Excision repair is a term applied to several DNA repair mechanisms.
Excision repair mechanisms that remove the damaged nucleotide replacing it with an undamaged nucleotide complementary to the nucleotide in the undamaged DNA strand. These include:
- Base excision repair (BER), which repairs damage due to a single nucleotide caused by oxidation, alkylation, hydrolysis, or deamination;
- Nucleotide excision repair (NER), which repairs damage affecting 2−30 nucleotide-length strands. These include bulky, helix distorting damage, such as thymine dimerization and other types of cyclobutyl dimerization caused by UV light as well as single-strand breaks. A specialized form of NER known as Transcription-Coupled Repair (TCR) deploys high-priority NER repair enzymes to genes that are being actively transcribed;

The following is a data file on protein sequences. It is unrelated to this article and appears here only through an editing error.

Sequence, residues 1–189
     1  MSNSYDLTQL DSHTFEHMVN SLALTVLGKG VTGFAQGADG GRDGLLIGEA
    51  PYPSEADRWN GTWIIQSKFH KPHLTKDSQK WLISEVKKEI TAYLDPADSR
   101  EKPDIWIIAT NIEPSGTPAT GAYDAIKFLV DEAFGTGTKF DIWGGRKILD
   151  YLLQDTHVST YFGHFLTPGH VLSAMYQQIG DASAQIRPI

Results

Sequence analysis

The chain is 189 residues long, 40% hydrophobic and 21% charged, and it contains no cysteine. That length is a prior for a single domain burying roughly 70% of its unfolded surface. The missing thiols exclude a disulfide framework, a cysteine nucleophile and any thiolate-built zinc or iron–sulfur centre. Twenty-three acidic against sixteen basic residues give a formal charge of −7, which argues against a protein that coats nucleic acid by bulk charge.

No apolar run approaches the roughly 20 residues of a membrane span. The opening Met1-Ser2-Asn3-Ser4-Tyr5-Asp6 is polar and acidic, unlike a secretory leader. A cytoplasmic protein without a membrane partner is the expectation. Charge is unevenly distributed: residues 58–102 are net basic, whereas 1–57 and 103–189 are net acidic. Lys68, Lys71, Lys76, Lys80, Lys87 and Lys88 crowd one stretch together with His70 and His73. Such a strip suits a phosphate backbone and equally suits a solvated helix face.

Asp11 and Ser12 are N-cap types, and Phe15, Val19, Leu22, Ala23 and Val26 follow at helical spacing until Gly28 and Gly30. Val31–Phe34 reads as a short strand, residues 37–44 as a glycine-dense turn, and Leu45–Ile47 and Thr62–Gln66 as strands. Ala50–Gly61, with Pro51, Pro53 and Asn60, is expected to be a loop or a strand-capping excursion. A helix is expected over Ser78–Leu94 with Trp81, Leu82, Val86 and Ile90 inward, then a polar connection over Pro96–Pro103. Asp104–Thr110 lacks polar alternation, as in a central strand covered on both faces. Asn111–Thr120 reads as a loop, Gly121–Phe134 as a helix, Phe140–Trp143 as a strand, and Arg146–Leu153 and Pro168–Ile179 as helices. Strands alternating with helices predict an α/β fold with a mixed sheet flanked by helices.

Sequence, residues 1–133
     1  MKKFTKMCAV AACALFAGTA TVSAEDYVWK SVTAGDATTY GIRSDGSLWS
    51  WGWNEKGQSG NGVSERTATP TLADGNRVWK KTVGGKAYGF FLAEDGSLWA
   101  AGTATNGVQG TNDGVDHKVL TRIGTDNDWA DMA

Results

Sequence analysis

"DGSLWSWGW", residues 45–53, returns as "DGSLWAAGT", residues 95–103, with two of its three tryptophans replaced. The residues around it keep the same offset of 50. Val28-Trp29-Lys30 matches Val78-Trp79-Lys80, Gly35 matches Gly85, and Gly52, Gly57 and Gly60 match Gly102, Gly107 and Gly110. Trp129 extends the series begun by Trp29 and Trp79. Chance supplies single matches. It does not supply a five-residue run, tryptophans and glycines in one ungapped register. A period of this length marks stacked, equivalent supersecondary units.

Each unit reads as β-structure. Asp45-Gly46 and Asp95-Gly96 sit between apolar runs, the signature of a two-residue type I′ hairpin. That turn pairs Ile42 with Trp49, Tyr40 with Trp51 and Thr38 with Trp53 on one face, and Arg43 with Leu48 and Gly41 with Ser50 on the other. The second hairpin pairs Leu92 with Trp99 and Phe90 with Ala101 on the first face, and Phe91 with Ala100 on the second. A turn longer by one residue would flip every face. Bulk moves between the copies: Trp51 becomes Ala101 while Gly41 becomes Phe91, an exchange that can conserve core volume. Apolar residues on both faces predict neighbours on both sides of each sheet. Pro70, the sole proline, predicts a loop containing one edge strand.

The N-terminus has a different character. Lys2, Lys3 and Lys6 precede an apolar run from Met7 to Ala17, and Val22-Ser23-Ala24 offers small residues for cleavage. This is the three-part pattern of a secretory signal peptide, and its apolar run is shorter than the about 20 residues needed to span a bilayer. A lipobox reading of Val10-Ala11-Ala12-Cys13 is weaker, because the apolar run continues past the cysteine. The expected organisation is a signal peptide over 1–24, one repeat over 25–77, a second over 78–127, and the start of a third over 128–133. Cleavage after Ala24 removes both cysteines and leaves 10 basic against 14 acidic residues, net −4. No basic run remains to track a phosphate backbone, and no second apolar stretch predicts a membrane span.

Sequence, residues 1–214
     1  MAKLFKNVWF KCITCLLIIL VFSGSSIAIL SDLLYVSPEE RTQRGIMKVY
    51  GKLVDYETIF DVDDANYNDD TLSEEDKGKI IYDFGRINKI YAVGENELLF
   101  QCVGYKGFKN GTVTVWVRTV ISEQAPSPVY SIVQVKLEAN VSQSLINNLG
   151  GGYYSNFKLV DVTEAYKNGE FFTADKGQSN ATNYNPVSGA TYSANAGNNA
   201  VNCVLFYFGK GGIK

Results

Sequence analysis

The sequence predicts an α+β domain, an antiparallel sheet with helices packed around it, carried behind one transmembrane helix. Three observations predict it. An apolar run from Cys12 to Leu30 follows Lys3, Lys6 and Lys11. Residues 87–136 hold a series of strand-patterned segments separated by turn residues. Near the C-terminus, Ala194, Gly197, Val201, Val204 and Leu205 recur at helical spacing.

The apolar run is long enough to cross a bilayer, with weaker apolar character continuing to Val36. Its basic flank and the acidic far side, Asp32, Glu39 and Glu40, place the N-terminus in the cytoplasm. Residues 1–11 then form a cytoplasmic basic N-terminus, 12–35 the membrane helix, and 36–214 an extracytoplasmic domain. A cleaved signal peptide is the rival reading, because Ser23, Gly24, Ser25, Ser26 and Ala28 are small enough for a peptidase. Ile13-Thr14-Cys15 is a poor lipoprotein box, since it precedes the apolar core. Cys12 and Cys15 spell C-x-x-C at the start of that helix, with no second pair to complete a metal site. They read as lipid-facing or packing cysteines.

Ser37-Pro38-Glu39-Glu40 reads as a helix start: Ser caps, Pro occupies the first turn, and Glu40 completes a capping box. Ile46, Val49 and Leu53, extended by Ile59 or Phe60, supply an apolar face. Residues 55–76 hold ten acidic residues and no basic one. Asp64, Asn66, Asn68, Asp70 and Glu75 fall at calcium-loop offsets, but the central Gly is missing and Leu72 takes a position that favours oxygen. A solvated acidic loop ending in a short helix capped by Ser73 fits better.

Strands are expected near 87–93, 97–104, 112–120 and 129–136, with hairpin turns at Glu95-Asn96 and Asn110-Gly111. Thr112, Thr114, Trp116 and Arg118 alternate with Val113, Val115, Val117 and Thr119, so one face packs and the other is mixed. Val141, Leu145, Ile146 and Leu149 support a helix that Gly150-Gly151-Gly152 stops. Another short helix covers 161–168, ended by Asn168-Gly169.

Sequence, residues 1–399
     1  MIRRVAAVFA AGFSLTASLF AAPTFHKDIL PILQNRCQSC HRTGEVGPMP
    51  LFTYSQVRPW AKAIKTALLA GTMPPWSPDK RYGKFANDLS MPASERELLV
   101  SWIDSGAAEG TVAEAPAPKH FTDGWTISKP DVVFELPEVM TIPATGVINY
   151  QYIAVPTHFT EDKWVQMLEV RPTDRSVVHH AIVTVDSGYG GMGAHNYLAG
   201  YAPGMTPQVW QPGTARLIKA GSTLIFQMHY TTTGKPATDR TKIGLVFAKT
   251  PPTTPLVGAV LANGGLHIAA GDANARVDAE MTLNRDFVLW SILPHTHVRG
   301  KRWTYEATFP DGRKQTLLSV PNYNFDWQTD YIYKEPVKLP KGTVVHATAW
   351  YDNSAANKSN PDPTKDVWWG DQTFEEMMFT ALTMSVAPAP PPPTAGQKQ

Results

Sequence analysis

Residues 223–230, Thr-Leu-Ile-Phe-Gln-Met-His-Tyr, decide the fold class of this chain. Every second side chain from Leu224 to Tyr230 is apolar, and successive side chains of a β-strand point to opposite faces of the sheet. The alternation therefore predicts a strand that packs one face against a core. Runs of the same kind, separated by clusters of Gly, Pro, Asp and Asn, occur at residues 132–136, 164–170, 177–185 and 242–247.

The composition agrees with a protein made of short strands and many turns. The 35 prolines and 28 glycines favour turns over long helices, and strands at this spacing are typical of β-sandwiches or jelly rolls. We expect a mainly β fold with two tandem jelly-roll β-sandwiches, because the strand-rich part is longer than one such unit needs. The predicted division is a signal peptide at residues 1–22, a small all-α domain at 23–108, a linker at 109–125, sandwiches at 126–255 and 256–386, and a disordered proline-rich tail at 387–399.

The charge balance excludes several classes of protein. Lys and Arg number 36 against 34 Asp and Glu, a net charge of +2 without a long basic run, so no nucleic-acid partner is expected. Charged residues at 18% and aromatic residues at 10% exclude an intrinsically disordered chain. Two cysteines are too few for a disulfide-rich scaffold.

- Mismatch repair (MMR), which corrects errors of DNA replication and recombination that result in mispaired nucleotides.